The IRS Changes to 529 Plans
Learn about the two new tax perks for these college savings vehicles.
Do you have a 529 plan account? Then you will want to know about a pair of federal tax law changes which may benefit you and your student, one involving a February 16 deadline.
As 2015 ended, Congress passed the Protecting Americans from Tax Hikes Act (PATH). Deep in its fine print were two “sweeteners” – tax changes designed to help parents with 529 plans.
You can now pay for computer hardware & software with 529 plan dollars. Under the old rules, this was rarely permitted. In fact, federal tax law only allowed it if a university or college required students to have certain computer hardware, software, or computer-related technology as a condition of enrollment.1
That restriction is gone now. Starting this year, you may buy computers, computer software, associated hardware, and related equipment with 529 plan funds. These technology expenses now fall under the category of Qualified Higher Education Expenses.1
Refunded 529 plan money may now be reinvested in the plan. Here is where the February 15 deadline matters. If you have received a refund of money that was a 529 plan withdrawal from an Eligible Educational Institution, you can now put it back into the same 529 plan within 60 days. (For tax purposes, you will want a receipt showing when that 60-day period began.)1
Why is February 16 important? Because that is 60 days from the day PATH was enacted, and if you received such a refund at any time during January 1-December 18, 2015, you have until Tuesday, February 16, 2016 to put that money back in the account. If you meet that deadline, the refunded money will not be categorized as a non-qualified 529 plan distribution that is fully taxable and also subject to a 10% penalty.1,2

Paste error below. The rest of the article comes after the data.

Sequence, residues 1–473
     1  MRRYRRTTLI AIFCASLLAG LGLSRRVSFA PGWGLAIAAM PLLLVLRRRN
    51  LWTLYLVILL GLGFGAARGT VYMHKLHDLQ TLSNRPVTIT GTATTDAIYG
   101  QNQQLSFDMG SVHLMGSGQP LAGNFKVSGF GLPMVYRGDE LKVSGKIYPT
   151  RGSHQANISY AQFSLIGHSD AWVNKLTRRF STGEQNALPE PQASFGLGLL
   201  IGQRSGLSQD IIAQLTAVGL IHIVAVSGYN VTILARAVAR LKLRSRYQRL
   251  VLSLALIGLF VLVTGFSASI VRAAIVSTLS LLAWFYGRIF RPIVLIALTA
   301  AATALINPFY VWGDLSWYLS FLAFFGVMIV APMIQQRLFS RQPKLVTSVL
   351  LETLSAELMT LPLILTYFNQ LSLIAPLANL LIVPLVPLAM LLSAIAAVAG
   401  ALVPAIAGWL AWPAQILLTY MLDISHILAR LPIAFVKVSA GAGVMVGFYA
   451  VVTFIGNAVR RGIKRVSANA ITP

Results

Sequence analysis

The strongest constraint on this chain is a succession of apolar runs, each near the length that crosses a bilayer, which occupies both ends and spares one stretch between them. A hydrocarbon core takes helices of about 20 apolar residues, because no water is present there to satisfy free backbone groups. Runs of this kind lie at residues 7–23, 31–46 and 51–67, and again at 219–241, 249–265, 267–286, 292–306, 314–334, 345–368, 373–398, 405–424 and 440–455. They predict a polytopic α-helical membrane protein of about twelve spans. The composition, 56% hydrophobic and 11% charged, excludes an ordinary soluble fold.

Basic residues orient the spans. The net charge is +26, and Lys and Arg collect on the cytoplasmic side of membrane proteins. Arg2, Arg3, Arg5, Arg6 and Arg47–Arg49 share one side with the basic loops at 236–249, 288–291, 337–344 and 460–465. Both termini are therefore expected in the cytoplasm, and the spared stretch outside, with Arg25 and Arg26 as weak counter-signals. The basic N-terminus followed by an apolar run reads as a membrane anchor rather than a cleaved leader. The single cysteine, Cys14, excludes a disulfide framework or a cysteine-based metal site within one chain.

All 529 plan owners should be aware of these important changes for 2016 and years to follow.
This material was prepared by MarketingPro, Inc., and does not necessarily represent the views of the presenting party, nor their affiliates. This information has been derived from sources believed to be accurate. Please note - investing involves risk, and past performance is no guarantee of future results. The publisher is not engaged in rendering legal, accounting or other professional services. If assistance is needed, the reader is advised to engage the services of a competent professional. This information should not be construed as investment, tax or legal advice and may not be relied on for the purpose of avoiding any Federal tax penalty. This is neither a solicitation nor recommendation to purchase or sell any investment or insurance product or service, and should not be relied upon as such. All indices are unmanaged and are not illustrative of any particular investment.
1 - figuide.com/new-benefits-for-529-plans.html [1/13/16]
2 - forbes.com/sites/josephhurley/2015/07/23/three-mistakes-to-avoid-when-withdrawing-money-from-a-529-plan/ [7/23/15]